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1 Peter Mell and Timothy Grance, “The NIST Definition of Cloud Computing.” SP 800-145, National Institute of Standards and Technology, September 2011. http://csrc.nist.gov/publications/ nistpubs/800-145/SP800-145.pdf. 2 Daniel Castro, “Cloud Computing: An Overview of the Technology and Issues Facing Americans Innovators.” Information Technology and Innovation Foundation, 2012. http://www2.itif. org/2012-cloud-computing-open-technology.pdf. 3 “The Economics of the Cloud.” Microsoft, 2010. http://www.microsoft.com/enus/news/ presskits/cloud/docs/The-Economics-of-the-Cloud.pdf. 4 Darrell M. West, “Saving Money Through Cloud Computing.” Brookings Institute Governance Studies, 2010. 5 Matt Brian, “Apple’s App Store has now seen more than 1 million approved apps since launch.” The Next Web, November 19, 2012. http://thenextweb.com/apple/2012/11/19/apples-appstore-reaches-1-million-approved-app-submissions. 6 Stephen Ezell, “Explaining International IT Application Leadership: Contactless Mobile Payments.” Information Technology and Innovation Foundation, November 2009. http://www.itif.org/ files/2009-mobile-payments.pdf. 7 “Upwardly Mobile: An Analysis of the Global Mobile Payment Opportunity.” Citi GPS: Global Perspectives and Solutions, March 9, 2012. 8 Deloitte. “Contactless payments technology.” 2008. http://www.deloitte.com/assets/DcomSweden/Local%20Assets/Documents/se_Contactless_Payments_280308.pdf. 9 Darren Quick, “Wireless sensors to monitor structural integrity of bridges.” GizMag, July 29, 2011. http://www.gizmag.com/wireless-bridge-sensor/19380; and “Interstate 35W Mississippi River Bridge, Minneapolis.” Minnesota Department of Transportation, October 16, 2007. http://www. dot.state.mn.us/i35wbridge/pdfs/factsheet.pdf. 10 “Time Warner Cable IntelligentHome.” Time Warner Cable, n.d. http://www.timewarnercable. com/northeast/learn/intelligenthome. 11 “Understanding the Benefits of the Smart Grid: Smart Grid Implementation Strategy.” Department of Energy National Energy Technology Laboratory 1413, 2010. http://www.netl.doe.gov/ smartgrid/referenceshelf/whitepapers/06.18.2010_Understanding%20Smart%20Grid%20 Benefits.pdf. 12 Electric Power Research Institute. “Estimating the Costs and Benefits of the Smart Grid: A Preliminary Estimate of the Investment Requirements and the Resultant Benefits of a Fully Functioning Smart Grid.” 2011 Technical Report. http://ipu.msu.edu/programs/MIGrid2011/ presentations/pdfs/Reference%20Material%20-%20Estimating%20the%20Costs%20and%20 Benefits%20of%20the%20Smart%20Grid.pdf. 13 “Smart Grid Principal Characteristic Provides Power Quality for the Digital Economy.” Department of Energy, 2009. http://www.netl.doe.gov/smartgrid/referenceshelf/whitepapers/Provides%20 Power%20Quality%20for%20the%20Digital%20Economy%20(Oct%202009).pdf. 14 Electric Power Research Institute. “Estimating the Costs and Benefits of the Smart Grid: A Preliminary Estimate of the Investment Requirements and the Resultant Benefits of a Fully Functioning Smart Grid.” 2011 Technical Report. http://ipu.msu.edu/programs/MIGrid2011/ presentations/pdfs/Reference%20Material%20-%20Estimating%20the%20Costs%20and%20 Benefits%20of%20the%20Smart%20Grid.pdf.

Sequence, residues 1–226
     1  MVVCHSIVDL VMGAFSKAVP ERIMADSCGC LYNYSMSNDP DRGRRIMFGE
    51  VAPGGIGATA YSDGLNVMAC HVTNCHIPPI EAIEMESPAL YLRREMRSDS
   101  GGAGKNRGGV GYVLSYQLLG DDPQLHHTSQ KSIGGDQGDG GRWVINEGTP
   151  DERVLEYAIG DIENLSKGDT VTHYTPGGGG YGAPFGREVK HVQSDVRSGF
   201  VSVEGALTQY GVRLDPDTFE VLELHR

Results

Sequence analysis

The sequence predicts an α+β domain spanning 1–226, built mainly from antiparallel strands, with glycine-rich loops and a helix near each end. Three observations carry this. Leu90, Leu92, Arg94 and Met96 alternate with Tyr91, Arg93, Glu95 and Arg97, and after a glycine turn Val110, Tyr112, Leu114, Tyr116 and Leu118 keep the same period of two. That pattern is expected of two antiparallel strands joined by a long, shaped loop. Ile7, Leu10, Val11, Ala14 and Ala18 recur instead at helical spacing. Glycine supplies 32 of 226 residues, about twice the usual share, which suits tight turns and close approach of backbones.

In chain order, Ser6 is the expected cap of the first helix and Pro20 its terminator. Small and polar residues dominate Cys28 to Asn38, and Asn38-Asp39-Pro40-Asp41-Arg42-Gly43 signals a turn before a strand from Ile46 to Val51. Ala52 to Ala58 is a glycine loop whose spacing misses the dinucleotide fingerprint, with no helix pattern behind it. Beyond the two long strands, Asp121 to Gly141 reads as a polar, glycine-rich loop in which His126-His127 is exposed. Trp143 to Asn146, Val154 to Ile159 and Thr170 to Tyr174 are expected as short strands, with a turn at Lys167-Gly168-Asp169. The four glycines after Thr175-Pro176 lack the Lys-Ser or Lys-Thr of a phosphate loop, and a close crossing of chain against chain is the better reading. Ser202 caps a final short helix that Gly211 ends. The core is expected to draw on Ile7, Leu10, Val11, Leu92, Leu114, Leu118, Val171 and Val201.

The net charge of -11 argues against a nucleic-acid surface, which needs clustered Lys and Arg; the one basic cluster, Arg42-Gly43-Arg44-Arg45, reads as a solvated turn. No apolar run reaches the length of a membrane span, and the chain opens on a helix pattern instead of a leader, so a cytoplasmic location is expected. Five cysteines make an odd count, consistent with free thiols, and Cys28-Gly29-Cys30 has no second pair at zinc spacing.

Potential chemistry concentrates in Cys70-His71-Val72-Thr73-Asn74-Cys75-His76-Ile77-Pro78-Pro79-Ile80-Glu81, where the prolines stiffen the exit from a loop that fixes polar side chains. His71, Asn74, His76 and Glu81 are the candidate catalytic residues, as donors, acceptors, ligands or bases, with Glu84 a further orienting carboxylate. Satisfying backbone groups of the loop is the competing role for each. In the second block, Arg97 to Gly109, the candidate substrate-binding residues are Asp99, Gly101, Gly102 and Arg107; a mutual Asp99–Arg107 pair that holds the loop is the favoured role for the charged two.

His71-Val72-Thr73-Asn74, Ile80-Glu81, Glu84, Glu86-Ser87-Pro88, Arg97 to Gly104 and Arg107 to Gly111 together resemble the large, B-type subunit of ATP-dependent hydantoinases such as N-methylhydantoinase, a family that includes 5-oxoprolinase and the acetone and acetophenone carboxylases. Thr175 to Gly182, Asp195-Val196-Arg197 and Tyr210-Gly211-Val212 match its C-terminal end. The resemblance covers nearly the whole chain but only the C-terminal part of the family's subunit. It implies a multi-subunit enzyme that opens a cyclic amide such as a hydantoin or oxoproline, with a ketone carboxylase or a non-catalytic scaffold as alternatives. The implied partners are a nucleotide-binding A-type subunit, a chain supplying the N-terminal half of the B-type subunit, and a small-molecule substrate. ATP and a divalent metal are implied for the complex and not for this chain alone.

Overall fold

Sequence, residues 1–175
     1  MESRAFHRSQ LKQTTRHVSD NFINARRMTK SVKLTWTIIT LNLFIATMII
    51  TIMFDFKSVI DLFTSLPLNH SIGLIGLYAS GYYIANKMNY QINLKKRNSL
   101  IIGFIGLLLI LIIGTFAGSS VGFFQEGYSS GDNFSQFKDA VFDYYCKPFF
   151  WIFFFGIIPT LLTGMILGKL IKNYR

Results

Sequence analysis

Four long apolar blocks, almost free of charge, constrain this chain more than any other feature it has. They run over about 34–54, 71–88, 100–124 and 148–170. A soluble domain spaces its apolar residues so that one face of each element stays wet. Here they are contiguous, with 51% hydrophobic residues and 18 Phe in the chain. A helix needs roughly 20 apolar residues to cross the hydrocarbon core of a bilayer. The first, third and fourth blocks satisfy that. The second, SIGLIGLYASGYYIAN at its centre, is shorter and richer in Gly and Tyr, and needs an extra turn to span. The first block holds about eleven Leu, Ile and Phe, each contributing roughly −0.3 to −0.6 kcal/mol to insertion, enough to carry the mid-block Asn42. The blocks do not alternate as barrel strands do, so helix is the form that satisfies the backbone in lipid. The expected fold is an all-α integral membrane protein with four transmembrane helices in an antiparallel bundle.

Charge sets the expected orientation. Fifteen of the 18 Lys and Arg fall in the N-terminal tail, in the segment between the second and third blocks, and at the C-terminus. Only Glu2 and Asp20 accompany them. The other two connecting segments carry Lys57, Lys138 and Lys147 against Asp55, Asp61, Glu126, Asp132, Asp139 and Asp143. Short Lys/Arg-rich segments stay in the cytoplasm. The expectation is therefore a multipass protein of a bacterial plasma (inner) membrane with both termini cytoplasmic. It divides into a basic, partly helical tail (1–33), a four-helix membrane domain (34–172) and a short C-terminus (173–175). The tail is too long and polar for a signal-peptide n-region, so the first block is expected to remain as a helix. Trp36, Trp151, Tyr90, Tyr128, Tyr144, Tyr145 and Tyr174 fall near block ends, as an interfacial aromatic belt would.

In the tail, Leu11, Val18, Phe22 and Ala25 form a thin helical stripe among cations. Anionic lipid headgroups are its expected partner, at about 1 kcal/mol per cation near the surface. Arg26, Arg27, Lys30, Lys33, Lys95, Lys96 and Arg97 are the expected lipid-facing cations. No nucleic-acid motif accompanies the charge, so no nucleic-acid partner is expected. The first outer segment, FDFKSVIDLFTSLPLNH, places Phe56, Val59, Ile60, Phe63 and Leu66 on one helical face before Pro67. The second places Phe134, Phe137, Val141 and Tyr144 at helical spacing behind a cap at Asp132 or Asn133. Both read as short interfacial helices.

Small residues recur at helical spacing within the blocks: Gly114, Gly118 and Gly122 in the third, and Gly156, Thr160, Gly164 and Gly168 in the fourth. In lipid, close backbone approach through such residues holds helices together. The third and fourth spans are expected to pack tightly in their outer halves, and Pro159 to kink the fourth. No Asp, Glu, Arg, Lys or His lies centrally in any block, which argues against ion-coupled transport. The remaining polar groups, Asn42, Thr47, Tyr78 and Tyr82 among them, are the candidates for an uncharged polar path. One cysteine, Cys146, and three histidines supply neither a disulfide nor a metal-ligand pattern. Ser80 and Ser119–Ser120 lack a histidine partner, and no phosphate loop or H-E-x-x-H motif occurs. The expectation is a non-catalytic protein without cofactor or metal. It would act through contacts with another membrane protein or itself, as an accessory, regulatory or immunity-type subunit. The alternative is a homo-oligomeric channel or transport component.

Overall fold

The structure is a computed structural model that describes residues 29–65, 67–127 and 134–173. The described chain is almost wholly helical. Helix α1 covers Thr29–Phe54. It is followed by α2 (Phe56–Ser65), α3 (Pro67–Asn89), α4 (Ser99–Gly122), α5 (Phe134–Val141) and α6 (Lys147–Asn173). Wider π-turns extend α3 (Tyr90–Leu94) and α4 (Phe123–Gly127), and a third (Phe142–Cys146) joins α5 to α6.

27 Catalyst for Growth: America’s Hybrid Infrastructure
15 “Destination 2025” Federal Aviation Administration, n.d. http://www.faa.gov/about/plans_ reports/media/Destination2025.pdf. 16 Gloria Kulesa, “Weather and aviation: How does weather affect the safety and operations of airports and aviation, and how does FAA work to manage weather-related effects?” n.d. http://climate.dot.gov/documents/workshop1002/kulesa.pdf. 17 “NAS Voice Switch (NVS).” Federal Aviation Administration, n.d. http://www.faa.gov/nextgen/ portfolio/trans_programs/nvs/fs_Nas_Voiceswitch.pdf. 18 “Data Communications Benefits for Airspace Users.” Federal Aviation Administration, n.d. http:// www.faa.gov/about/office_org/headquarters_offices/ato/service_units/techops/atc_comms_ services/datacomm/documentation/media/brochures/90818_DataComm_11x17_PRINT4.pdf. 19 “Decision adopting rules to protect the privacy and security of the electricity usage data of the customers of Pacific Gas and Electric Company, Southern California Edison Company, and San Diego Gas and Electric Company.” July 28, 2011. http://www.smartgridnews.com/artman/ uploads/1/California_PUC_order.pdf; and Business Roundtable. “Promoting Economic Growth through Smart Global Information Technology Policy,” June 2012. http://businessroundtable. org/studies-and-reports/global. 20 See, for example, groups like “Stop Smart Meters!” that claim to be “fighting the wireless ‘smart’ meter assault.” About page of Stop Smart Meters!, n.d. http://stopsmartmeters.org/about. 21 Business Roundtable. “Promoting Economic Growth through Smart Global Information Technology Policy.” June 2012. http://businessroundtable.org/studies-and-reports/global. 22 “Federal Research and Development Agenda for Net-Zero Energy, High Performance Green Buildings.” National Science and Technology Council, Committee on Technology, Report of the Subcommittee on Building Technology Research and Development, October 2008. http://www.bfrl.nist.gov/buildingtechnology/documents/ FederalRDAgendaforNetZeroEnergyHighPerformanceGreenBuildings.pdf. 23 Ibid. 24 Business Roundtable. “Taking Action on Energy: A CEO Vision for America’s Energy Future.” February 2013. http://businessroundtable.org/uploads/studies-reports/downloads/20130225_ Taking_Action_on_EnergyBusiness_Roundtable_3.pdf. 25 “IBM Lands GSA Smart Buildings Contract.” eWeek, May 22, 2012. http://www.eweek.com/c/a/ Government-IT/IBM-Lands-GSA-Smart-Buildings-Contract-638672. 26 Business Roundtable. “Taking Action on Energy: A CEO Vision for America’s Energy Future.” February 2013. http://businessroundtable.org/uploads/studies-reports/downloads/20130225_ Taking_Action_on_EnergyBusiness_Roundtable_3.pdf. 27 Olga Gazman, et al., “Leveraging National Guidelines for Building Operator Credentialing.” ACEEE Summer Study on Energy Efficiency in Buildings, 2012. 28 Michael Suby, “The 2013 (ISC)2 Global Information Security Workforce Study.” Frost & Sullivan, 2013. https://www.isc2.org/GISWSRSA2013/Default.aspx. 29 See for example PG&E’s PowerPathway program at http://www.pge.com/powerpathway. 30 Robert D. Atkinson and Merrilea Mayo, “Refueling the U.S. Innovation Economy.” Information Technology and Innovation Foundation, 2010. http://www.itif.org/files/2010-refuelinginnovation-economy.pdf.
28 Business Roundtable